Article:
At a recent conference on literary translation, Arline and I sat in a beige hotel ballroom, listening to a panelist make painful, even nonsensical, generalizations about Panamanian literature. When the panel started taking questions, we escaped to the lobby and talked about whether it would be worth having a conversation with the woman, whose primary knowledge of the topic seemed to have come from one writer she was translating. Arline took a deep breath, returned to the room, and, after the session, gently asked the woman a question that might open a dialogue. But the woman retreated into defensiveness and said she had somewhere else to be. A later encounter was more disturbing; when we tried to explain what we had found problematic, she walked away.
This encounter was not what we had expected when we registered for the conference. We had wanted to think about ways to use translation in our classrooms. Arline, with her degree in Spanish literature, was considering translating some Panamanian writers. But as we talked that evening over quesadillas, we realized we had been naive. Of course, some of the translators would be white, U.S. Americans who, on the basis of a few projects, would present themselves as experts on whole national literatures. Of course, some of their generalizations would dovetail with old tropes about backwards banana republics, where no one reads and young writers don’t care about colonization because they want to “move forward.” These translators might even make strange slips like “Panama, of course, did not have to deal with Spanish colonization” when they probably meant to say that U.S. colonization loomed larger than Spanish in the recent past. They couldn’t know, of course, that a Panamanian might be sitting in the audience, cringing.
What was missing from the woman’s talk, Arline said to me, tilting back her beer on that warm Oakland evening, was an acknowledgement of how her position as a U.S.-born white woman reflected what she knew about the topic. Happily, Arline and I found many others at the conference engaged in nuanced self-reflection. At a session on “grassroots” translation called “Inheriting the Future: Cross-Pollinations of Race and Translation,” the panelists considered the complexities of identities and audiences — who are they and who are they translating for? – and talked about developing communities of readers, translators, and writers. Sawako Nakayasu, for example, talked about how her evolving identity as a transnational poet has affected her work. César Ramos, who publishes the journal, Raspa, described his efforts to nurture Spanish-English translations that can bridge U.S. and Latin American queer communities.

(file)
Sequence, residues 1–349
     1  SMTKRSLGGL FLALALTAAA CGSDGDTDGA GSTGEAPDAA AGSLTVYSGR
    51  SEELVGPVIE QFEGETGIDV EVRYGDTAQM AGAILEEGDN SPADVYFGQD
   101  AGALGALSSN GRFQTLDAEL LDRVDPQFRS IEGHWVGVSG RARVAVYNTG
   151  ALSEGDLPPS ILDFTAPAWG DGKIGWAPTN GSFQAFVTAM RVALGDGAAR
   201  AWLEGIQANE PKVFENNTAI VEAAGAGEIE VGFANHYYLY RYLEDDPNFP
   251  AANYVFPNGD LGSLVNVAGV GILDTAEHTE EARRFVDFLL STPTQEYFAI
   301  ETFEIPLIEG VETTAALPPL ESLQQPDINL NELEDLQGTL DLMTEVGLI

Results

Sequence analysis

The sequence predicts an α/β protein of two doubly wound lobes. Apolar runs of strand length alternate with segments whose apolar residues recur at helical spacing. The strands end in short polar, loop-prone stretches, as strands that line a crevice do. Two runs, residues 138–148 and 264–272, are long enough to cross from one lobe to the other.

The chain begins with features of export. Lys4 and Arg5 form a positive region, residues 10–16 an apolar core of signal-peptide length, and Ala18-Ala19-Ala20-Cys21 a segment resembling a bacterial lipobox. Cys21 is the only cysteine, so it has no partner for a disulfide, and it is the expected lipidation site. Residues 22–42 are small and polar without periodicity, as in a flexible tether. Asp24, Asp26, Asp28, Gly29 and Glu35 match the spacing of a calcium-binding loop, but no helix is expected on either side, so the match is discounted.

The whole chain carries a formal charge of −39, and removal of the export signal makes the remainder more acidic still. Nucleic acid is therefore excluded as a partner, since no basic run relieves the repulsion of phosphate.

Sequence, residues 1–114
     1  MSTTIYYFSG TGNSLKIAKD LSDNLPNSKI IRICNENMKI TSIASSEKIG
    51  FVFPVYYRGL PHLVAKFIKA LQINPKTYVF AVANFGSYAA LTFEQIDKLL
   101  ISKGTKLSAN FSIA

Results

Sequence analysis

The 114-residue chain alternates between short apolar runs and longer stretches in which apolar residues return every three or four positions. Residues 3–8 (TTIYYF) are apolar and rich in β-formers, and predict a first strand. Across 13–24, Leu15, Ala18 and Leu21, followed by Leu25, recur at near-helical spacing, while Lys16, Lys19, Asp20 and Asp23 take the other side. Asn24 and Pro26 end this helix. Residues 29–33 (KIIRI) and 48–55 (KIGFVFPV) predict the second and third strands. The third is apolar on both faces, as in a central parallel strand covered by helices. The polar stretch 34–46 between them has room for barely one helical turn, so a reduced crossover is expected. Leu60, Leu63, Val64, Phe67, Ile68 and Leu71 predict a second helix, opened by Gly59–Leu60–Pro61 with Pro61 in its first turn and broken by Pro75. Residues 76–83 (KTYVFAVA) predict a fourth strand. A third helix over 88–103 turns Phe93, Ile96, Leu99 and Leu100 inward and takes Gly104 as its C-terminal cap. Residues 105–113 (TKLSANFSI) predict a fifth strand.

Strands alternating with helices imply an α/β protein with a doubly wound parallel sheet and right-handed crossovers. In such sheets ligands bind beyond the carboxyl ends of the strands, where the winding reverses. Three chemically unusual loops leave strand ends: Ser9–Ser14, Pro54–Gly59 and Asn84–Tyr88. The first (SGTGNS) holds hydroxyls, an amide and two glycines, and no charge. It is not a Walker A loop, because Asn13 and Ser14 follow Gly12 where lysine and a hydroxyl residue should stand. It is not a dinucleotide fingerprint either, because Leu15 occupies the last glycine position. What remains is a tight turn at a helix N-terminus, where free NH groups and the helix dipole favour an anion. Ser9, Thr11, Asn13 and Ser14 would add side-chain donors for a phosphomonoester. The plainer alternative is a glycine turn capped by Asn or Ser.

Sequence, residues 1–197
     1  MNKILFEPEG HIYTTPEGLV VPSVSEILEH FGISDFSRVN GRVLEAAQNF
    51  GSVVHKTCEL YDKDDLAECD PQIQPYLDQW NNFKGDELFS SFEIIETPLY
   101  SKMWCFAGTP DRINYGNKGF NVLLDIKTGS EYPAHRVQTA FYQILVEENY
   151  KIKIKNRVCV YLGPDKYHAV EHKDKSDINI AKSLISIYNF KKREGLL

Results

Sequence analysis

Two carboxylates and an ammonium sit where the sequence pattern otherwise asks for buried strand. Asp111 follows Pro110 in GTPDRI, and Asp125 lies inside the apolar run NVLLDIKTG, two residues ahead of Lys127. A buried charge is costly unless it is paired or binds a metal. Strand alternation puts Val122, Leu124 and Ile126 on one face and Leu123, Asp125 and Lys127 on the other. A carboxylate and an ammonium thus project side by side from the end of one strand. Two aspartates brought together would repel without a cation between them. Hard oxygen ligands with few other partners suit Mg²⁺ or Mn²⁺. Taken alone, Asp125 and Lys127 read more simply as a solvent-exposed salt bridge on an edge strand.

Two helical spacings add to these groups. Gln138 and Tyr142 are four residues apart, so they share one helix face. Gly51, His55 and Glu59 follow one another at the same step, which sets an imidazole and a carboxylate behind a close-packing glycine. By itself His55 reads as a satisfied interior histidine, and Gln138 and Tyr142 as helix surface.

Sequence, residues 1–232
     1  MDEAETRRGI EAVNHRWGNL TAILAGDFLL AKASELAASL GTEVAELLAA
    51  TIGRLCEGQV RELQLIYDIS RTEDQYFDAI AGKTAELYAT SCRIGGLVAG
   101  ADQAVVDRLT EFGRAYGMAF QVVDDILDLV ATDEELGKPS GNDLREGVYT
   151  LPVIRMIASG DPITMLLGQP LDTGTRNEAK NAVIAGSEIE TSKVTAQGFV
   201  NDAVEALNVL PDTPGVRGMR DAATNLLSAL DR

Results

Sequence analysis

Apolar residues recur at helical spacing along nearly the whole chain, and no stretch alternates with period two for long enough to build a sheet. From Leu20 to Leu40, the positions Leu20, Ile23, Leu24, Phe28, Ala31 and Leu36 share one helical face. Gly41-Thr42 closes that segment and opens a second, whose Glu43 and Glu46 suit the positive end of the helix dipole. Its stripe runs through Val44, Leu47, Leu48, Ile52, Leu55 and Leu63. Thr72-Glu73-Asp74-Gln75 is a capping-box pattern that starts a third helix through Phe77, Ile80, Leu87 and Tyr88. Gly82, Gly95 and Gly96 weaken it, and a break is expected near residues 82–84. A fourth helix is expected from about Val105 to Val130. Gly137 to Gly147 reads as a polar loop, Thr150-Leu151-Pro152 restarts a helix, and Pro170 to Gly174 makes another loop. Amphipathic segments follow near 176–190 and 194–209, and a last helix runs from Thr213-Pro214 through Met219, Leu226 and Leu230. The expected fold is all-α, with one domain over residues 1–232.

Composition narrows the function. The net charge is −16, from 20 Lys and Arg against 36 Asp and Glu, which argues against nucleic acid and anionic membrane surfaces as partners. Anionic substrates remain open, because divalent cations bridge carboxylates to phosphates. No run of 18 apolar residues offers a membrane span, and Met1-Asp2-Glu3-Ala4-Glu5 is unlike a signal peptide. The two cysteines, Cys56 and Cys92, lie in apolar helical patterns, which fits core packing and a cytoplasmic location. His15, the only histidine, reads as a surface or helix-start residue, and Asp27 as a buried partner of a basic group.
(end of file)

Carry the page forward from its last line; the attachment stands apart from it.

It was at this session that I began to envision a translation assignment for my students, many of whom are multilingual. What if they were to choose a text in their first language to translate? Teams of students could collaborate on revision, considering how their choices might affect different audiences. But how could I possibly find source texts in multiple languages? Arline suggested they do oral interviews with friends or family members. For heritage speakers with varying degrees of reading and writing skills in their heritage language, an oral interview would be more accessible. Great idea. But what would the monolingual English speakers be doing all this time?
I was still thinking about the conference when I returned to work. I shared with a colleague my question about what the monolingual students would be doing during the translation assignment. Avery pointed out that, because translation requires thinking about how much to explain about cultural references, the monolingual English speakers could “translate” their family stories, still in English, for different audiences. Arline had said something similar. I realized I needed to think more about how my own position, as a monolingual English speaker, not fluent in any of the languages I have studied, was influencing my framing of the assignment. What, in other words, was my own relationship to translation, as a writer and reader?
My first thought was this: I know that Arline courted me with a bilingual edition of Pablo Neruda’s love poems. I can sometimes tell that a student is relying on Google translate for an English composition assignment. I know that “thank you” in Portuguese has both a masculine (obrigado) and feminine (obrigada) form because I looked it up in my guidebook this summer. That’s not much. I’ll have to think more about what I do and do not know. In the meantime, the conference made me want to read much more than I do in translation; I came home with a long list of books.